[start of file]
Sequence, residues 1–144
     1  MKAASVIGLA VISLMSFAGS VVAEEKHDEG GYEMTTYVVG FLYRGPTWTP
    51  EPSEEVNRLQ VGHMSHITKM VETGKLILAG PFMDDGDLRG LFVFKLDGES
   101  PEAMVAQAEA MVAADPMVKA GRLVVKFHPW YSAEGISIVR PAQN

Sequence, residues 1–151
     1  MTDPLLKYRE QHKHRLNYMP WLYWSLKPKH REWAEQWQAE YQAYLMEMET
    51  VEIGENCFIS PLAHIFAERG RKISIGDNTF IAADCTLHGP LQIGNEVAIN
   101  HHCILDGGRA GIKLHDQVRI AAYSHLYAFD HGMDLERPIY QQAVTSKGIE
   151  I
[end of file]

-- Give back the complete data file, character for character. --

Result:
Sequence, residues 1–144
     1  MKAASVIGLA VISLMSFAGS VVAEEKHDEG GYEMTTYVVG FLYRGPTWTP
    51  EPSEEVNRLQ VGHMSHITKM VETGKLILAG PFMDDGDLRG LFVFKLDGES
   101  PEAMVAQAEA MVAADPMVKA GRLVVKFHPW YSAEGISIVR PAQN

Sequence, residues 1–151
     1  MTDPLLKYRE QHKHRLNYMP WLYWSLKPKH REWAEQWQAE YQAYLMEMET
    51  VEIGENCFIS PLAHIFAERG RKISIGDNTF IAADCTLHGP LQIGNEVAIN
   101  HHCILDGGRA GIKLHDQVRI AAYSHLYAFD HGMDLERPIY QQAVTSKGIE
   151  I